Crucial to any event is getting people there—it’s less fun to party alone. It’s also less work to party alone. With guests comes the ever-important headcount. Your headcount determines how much food and drink you need, how much space you need, and what kind of entertainment you need. Keeping track of the number of guests can be a hassle—but it doesn’t have to be. That’s where RSVPs come in.
RSVPs are important for two reasons: first, guests are more likely to attend an event they’ve already agreed to attend, and second, it helps you determine all the things above that go into making your party great. But RSVPs are only helpful if you manage them correctly. Keep reading to discover tricks of the RSVP trade.
1. Only give guests one point of contact
Before sending any RSVP requests, determine who will be the one handling them—and only give guests ONE contact. This is especially important if you’re co-hosting. It ensures that the guest list is accurate, and it won’t confuse your guests. They want to know who to call if there’s a question, or if they have to change their response. Plus, they’ll be more receptive to future communication about the event if they recognize your name on their phone or in their mailbox.
2. Include a deadline
RSVPs are only helpful if there’s a deadline. Otherwise, guests won’t see the importance, or they’ll forget. Because most caterers and venues set a deadline for you to give a headcount, it’s only fair for you to ask the same from your guests. Be sure to give yourself 1-2 weeks between your guest deadline, and the one from a vendor. That way you’ll be able to call anyone who hasn’t yet responded, if necessary.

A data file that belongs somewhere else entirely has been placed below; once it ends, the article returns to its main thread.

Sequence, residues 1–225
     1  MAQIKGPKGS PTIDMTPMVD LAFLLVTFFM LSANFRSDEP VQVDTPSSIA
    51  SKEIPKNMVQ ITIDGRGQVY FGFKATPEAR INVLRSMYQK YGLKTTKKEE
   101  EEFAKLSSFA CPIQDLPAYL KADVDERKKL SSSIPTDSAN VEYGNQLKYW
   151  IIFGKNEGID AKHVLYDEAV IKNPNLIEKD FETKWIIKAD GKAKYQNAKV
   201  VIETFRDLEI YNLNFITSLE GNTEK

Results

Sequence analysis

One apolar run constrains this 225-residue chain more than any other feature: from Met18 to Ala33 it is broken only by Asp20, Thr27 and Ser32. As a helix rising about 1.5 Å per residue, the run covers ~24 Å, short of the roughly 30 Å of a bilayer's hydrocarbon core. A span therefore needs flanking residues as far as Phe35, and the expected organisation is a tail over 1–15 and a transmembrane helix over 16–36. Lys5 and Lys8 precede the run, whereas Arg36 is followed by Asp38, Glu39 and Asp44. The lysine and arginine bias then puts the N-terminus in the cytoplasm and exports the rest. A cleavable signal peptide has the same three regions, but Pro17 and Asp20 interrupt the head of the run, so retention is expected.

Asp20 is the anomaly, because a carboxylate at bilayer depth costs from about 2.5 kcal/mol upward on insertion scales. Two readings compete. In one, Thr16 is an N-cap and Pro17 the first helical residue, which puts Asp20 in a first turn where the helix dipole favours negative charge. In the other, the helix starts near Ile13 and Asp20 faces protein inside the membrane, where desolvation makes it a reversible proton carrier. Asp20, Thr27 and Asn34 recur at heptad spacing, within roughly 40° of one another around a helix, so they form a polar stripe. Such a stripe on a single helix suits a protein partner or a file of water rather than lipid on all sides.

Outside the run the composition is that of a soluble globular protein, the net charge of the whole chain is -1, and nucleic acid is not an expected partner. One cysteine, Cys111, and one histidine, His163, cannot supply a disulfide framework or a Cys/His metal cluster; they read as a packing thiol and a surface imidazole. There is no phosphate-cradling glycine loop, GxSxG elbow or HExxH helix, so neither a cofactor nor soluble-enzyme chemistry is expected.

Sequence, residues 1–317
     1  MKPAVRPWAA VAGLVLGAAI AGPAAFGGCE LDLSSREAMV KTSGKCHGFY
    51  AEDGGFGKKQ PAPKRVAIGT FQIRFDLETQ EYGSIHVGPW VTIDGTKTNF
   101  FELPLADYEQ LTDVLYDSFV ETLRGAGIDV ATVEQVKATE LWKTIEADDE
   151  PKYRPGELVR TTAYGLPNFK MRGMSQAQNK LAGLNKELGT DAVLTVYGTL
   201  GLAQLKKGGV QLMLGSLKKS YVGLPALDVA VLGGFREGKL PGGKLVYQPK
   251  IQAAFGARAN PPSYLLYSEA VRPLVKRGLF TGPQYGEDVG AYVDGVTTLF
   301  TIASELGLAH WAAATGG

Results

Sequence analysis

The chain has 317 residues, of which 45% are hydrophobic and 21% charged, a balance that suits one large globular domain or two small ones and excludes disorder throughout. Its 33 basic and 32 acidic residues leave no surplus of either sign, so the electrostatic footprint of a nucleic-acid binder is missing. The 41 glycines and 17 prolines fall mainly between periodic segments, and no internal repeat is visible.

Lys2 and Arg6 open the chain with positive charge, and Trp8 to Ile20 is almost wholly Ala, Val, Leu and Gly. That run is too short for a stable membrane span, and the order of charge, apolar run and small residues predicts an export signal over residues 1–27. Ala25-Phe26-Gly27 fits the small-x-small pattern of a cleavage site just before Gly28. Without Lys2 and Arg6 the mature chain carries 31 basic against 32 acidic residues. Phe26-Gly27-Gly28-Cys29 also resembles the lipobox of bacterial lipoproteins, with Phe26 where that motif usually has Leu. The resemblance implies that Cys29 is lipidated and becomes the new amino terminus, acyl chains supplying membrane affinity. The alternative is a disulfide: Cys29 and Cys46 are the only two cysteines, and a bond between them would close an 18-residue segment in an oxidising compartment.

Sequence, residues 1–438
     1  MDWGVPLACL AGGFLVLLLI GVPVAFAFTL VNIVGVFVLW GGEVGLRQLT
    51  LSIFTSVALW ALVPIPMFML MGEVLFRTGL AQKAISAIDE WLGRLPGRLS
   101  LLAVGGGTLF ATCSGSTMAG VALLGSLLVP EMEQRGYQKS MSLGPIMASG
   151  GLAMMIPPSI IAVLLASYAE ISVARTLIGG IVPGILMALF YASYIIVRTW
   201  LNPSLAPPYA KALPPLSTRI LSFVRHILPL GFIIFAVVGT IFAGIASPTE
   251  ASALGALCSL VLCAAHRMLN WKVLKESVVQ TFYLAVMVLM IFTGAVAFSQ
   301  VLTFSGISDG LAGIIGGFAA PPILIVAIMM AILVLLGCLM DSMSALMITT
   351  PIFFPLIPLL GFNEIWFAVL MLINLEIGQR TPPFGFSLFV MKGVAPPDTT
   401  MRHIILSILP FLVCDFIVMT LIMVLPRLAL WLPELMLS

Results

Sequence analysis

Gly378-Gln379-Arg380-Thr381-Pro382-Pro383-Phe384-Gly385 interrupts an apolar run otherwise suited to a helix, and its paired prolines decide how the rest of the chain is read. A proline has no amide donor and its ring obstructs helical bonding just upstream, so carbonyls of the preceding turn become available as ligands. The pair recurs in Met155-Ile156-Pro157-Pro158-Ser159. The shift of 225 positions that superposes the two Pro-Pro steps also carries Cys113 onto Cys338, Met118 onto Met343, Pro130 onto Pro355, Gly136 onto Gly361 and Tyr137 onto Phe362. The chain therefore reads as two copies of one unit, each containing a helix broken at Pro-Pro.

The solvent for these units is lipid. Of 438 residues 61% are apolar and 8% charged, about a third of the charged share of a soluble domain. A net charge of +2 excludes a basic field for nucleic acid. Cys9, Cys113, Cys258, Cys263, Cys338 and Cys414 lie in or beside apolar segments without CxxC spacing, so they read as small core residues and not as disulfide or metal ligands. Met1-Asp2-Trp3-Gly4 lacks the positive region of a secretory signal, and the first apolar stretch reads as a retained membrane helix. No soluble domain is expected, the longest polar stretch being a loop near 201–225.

3. Number the RSVP cards
Often, RSVP requests are mailed out with a pre-stamped card to return. Before you mail the requests, number each return RSVP and keep a master list of who you mailed what letter to. This way, you can track the RSVPs in case someone forgot to send their name along with it.
For example, if you’re sending an RSVP request to Grandma Myrtle, write a “1” on her mail-back card so if it comes to you without a name, you know it’s from Grandma Myrtle.
4. Pre-stamp all return requests
You may have picked up on this from #3, but if you’re asking guests to mail back a card to you, always put a stamp on there. You’re requesting the presence of your guests, and it shouldn’t cost them to respond to you. Plus, it makes it easy for them to send the response—which is means more responses for you and a more accurate headcount!
5. Confirm your RSVPs
Whether it’s via email, text, or phone, always confirm that you received someone’s RSVP—whether they said they would attend or not. This will give guests peace of mind, and reaffirm to them that the event is important, especially if it’s a family event.
6. Know which guests are important
Assume that you won’t receive RSVPs from every guest, and know ahead of time if there are important guests that you really want to attend. These important guests are the ones you call if you haven’t heard from them by the RSVP deadline. This may be easy if you’re hosting your own party—but if you’re planning on behalf of someone else, this is crucial.
7. Introduce yourself at the event
Ideally, you’re able to kick off the event with a few opening words thanking everyone for coming. At this time, mention that you were the person they communicated with prior to the event. If addressing the whole group isn’t possible, find time to go table by table and thank the guests as you’re able. If there are particular guests you know traveled far (like Grandma Myrtle) be sure touch base with them before the event is over.
Managing your RSVPs doesn’t have to be a hassle—with some simple tricks to make the experience better for both you and your guests, you can be well-prepared for your upcoming event. If you’re still worried about managing a guest list for larger events, like your wedding, consider our free wedding website builder. You’ll be able to manage your guest list, and vendor lists, room blocks, and photo albums—just to name a few features!
Are there other tricks that worked in the past for you? What were they?